Wherein I went to live in a homeless shelter

I wanted to live in the homeless shelter in downtown Pittsburgh because it was about a block from where I worked and I thought the faster commute would make my life easier. The homeless shelter itself had that slight distasteful smell that homeless shelters seem to get and even years later, when the shelters turn into boutique hotels, never seem to get rid of. But the commute was looking very attractive to me. I also thought that living in a homeless shelter would be a good place to meet women. I figured at the time (I was 23 years old) that if a woman was so down-and-out she was living in a shelter then maybe I would be an attractive pick for her. There also seemed something “hip” about living in a shelter.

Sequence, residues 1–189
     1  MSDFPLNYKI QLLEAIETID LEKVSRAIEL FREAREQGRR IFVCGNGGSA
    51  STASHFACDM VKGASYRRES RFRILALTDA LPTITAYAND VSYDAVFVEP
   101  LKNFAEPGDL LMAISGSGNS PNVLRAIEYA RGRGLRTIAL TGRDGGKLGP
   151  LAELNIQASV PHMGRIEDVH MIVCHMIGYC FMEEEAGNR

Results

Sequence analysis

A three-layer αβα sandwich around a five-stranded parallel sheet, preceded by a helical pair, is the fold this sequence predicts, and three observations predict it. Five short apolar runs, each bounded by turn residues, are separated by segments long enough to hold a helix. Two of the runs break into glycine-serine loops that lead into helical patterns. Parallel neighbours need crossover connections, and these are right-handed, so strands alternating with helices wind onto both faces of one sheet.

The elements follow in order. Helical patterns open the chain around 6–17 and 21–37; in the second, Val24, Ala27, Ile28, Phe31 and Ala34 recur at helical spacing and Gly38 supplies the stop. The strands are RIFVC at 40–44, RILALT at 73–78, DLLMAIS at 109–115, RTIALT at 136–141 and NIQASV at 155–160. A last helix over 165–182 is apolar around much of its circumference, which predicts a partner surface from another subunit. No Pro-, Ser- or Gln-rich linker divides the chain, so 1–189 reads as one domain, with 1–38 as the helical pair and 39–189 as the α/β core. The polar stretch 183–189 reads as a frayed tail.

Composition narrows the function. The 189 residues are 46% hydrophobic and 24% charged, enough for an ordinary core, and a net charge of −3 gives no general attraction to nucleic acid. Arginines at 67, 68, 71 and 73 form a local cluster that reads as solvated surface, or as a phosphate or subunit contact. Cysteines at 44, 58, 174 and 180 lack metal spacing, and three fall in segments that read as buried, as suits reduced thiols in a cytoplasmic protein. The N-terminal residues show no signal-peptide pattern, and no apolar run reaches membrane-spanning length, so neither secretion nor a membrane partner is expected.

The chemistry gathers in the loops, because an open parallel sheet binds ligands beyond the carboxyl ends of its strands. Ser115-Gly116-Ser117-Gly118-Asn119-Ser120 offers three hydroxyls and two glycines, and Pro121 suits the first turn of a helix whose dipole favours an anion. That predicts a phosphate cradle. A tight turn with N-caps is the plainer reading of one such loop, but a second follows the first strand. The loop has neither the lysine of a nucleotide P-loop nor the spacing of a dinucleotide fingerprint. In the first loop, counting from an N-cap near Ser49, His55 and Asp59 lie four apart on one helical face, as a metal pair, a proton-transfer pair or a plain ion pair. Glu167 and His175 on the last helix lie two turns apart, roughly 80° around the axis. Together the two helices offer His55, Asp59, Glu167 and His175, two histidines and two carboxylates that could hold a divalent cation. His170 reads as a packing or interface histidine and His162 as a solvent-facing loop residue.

Years later, when I first moved to New York, it was a different story. At the time I had a roommate on 14th and 7th. We lived in one room about 180 square feet. I slept on the futon on the floor, he slept on the couch. I paid him $300 a month. The kitchen smelled like bad tunafish and I would never go in it. The shower had a constant stream of water coming out of it and couldn’t be turned off. The girl across the hall was engaged to a lawyer but was in lust with Elias, my roommate, so whenever I was not there they were always up to something. He was a strong chess player from El Salvador and made about $50 a day playing chess in Washington Square Park. I had a garbage bag that I kept next to my futon. In the morning, I’d take the suit out of my garbage bag, put it on, and walk to work.